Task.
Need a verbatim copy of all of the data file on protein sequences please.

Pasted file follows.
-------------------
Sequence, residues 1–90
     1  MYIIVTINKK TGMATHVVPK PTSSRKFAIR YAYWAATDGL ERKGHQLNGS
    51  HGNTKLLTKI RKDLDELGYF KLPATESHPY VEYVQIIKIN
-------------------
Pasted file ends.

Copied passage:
Sequence, residues 1–90
     1  MYIIVTINKK TGMATHVVPK PTSSRKFAIR YAYWAATDGL ERKGHQLNGS
    51  HGNTKLLTKI RKDLDELGYF KLPATESHPY VEYVQIIKIN